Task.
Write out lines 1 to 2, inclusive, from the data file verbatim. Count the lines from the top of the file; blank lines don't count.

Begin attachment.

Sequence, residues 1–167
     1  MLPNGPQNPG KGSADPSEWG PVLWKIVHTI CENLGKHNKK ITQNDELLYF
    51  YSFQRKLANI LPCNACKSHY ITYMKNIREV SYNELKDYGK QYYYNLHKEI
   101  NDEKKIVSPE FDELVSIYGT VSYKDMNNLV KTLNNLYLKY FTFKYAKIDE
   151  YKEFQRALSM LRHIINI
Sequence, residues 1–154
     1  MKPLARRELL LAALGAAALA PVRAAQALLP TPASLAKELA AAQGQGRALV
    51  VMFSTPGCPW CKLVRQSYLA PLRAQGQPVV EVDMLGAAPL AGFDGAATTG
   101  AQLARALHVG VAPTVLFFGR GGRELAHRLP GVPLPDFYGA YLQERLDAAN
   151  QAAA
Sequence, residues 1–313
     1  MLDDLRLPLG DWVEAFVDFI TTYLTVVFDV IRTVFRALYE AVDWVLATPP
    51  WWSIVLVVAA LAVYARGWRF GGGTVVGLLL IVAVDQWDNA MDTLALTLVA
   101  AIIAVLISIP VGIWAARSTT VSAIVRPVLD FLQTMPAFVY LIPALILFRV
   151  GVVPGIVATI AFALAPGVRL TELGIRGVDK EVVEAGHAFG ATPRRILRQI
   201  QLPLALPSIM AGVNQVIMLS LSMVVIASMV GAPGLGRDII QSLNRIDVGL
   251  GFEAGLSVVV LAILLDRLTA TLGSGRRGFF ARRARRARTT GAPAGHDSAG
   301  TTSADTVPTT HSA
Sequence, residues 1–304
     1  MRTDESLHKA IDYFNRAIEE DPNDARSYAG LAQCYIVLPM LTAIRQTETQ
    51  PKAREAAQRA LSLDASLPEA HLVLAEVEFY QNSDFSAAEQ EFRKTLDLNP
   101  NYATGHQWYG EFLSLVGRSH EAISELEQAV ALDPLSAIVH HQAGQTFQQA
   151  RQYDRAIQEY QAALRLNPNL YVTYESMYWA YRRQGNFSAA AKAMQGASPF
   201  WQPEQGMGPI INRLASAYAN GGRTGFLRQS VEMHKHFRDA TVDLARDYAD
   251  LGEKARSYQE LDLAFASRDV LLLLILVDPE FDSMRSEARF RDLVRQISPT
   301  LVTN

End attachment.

Sequence, residues 1–167
     1  MLPNGPQNPG KGSADPSEWG PVLWKIVHTI CENLGKHNKK ITQNDELLYF